Women should ask for what they want rather than put pressure on partners to propose, says Karleen Nevery is a relationship counsellor in Vancouver.
Sexy Typewriter, Special to QMI Agency
, Last Updated: 9:35 AM ET
Hey, single ladies — if you like it, maybe you should put a ring on it.
Wedding proposals are not just the terrain of men. As gender roles become increasingly less defined, women are more likely to pop the question.
Dr. Cristina Stasia asked her now-husband to marry her at the Art Gallery of Alberta. Stasia arranged for a boatload of flowers, candles and a cellist to accompany the proposal, which she delivered down on bended knee.
“It was a touching, intimate moment,” recalls Stasia, who says she always knew she wanted to be the one to propose in a relationship.
“With women achieving equality in numerous areas and all this rhetoric about strong and independent women, what I was not seeing was equality in courtship and dating rituals,” she says. “I was waiting for the man confident and secure enough — and patient enough — to have me propose.”
A recent survey from online dating site Zoosk revealed surprising results to the question “Do you think it’s okay for the woman to propose marriage?” Men were overwhelmingly in favour, with 76% agreeing that it’s totally cool for a woman to take the lead. Interestingly enough, only 49% of women felt the same way.
“Men seem very open to non-traditional proposals, though the majority of women still think men should do the asking,” says Jane Barrett, marketing director at Zoosk. “By the time your relationship has reached the point where you’re proposing marriage, I think you will have an idea about your partner’s stance on this front.”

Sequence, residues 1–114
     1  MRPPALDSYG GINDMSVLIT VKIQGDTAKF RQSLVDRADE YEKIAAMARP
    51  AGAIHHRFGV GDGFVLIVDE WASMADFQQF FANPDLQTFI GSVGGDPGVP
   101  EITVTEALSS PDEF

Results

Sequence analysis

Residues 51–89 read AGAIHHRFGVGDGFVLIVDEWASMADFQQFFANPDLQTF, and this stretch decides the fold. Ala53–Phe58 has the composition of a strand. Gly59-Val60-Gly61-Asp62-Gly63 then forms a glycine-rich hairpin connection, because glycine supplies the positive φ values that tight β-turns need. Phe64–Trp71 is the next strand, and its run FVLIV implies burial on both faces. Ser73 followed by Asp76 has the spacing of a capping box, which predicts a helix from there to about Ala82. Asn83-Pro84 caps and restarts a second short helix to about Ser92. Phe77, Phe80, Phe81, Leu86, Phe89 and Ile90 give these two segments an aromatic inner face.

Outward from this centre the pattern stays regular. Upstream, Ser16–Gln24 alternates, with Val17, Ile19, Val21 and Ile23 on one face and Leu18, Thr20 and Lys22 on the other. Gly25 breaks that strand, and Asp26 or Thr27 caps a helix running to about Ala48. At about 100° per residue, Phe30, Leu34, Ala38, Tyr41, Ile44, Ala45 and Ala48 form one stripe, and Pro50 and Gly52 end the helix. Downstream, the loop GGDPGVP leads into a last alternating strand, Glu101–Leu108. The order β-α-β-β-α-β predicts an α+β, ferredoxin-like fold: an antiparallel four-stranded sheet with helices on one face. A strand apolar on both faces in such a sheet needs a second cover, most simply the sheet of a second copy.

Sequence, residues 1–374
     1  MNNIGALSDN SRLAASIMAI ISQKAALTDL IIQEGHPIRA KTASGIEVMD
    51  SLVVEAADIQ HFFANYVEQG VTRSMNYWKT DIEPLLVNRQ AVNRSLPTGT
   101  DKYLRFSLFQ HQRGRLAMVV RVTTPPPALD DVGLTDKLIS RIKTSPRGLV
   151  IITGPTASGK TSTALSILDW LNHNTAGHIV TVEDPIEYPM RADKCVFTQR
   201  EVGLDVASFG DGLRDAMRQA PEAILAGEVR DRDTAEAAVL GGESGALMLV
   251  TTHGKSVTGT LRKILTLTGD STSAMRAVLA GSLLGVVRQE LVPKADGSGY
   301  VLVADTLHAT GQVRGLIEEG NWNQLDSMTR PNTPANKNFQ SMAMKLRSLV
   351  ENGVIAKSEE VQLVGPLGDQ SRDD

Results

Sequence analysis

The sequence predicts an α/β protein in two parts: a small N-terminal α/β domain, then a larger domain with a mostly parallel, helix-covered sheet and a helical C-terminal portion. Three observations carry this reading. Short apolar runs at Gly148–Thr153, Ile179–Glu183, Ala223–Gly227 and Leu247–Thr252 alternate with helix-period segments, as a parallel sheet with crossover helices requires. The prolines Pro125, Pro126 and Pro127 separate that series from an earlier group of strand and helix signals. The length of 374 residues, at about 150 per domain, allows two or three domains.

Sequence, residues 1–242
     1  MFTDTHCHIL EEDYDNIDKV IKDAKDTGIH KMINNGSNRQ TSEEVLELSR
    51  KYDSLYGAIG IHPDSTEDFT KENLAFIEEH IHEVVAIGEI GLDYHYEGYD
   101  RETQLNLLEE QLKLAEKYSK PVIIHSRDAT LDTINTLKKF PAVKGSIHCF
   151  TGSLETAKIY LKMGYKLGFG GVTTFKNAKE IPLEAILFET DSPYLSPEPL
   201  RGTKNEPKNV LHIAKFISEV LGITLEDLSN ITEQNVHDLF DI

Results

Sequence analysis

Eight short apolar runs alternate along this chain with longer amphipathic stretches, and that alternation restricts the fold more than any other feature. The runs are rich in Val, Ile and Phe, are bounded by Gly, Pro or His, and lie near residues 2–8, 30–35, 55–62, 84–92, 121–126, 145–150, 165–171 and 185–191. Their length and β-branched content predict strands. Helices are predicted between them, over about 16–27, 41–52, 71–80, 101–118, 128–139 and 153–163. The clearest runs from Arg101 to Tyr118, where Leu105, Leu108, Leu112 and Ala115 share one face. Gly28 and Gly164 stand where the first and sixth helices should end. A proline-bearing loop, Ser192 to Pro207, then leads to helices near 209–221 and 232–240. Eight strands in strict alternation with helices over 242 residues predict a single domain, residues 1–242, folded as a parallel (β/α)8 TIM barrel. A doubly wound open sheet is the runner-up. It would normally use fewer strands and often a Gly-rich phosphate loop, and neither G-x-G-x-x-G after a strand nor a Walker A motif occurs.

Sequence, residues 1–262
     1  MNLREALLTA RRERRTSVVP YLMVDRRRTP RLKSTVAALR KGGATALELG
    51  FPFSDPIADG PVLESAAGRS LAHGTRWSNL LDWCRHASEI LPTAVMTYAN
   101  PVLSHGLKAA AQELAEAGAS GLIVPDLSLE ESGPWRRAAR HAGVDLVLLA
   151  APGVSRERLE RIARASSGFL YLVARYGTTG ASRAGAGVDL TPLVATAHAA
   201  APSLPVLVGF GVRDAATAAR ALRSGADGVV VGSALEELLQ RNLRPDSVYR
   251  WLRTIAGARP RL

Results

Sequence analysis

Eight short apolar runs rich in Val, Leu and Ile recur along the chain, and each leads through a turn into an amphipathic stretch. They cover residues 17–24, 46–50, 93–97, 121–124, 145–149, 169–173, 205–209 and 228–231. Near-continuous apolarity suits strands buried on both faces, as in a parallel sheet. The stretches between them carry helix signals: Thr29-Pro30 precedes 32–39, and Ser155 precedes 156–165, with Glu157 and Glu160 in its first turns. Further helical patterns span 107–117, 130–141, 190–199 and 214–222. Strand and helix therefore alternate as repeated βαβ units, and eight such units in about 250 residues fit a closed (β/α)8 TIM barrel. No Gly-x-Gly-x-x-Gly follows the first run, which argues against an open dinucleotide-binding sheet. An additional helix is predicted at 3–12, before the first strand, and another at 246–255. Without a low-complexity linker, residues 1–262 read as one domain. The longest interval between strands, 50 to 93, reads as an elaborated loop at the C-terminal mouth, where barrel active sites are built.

Karleen Nevery is a relationship counsellor in Vancouver.
“I find the concept of proposing rather old-fashioned in itself,” she says. “But if we are calling it this, I applaud the concept of women proposing to men.
“My experience is often the men propose to their girlfriends because of spoken or unspoken pressure from her in any event. It seems rather antiquated to me that women are hinting and perhaps subtly rewarding or punishing their male partners instead of asking for what they want.”
Nevery says the rules in bedrooms and boardrooms have changed, yet many women are still fantasizing about a proposal fit for a Disney princess or southern belle.
“By the time I raised the subject, we had a 6-year-old daughter and the diamond ring had yet to appear in my champagne glass. He readily and enthusiastically agreed.”
Still, Nevery understands the female reluctance to take charge and propose.
“It’s difficult for some people to break age-old ways of thinking. For women, there’s something inherently more romantic in the idea of having a man ask for our hand in marriage.”
Dr. Stasia says she blames the Katherine Heigl films.
“Romantic comedies (portray) beautiful, successful and popular female protagonists as actually miserable because (they do) not have a man,” she says. “Enter the man and the proposal and she is finally truly happy. It is the man that reveals her as special. You can’t blame women for wanting that.
“But if you are with the right man — an equal partner — he shows you that you are special every day, and creates countless beautiful moments for you, and you do the same for him.”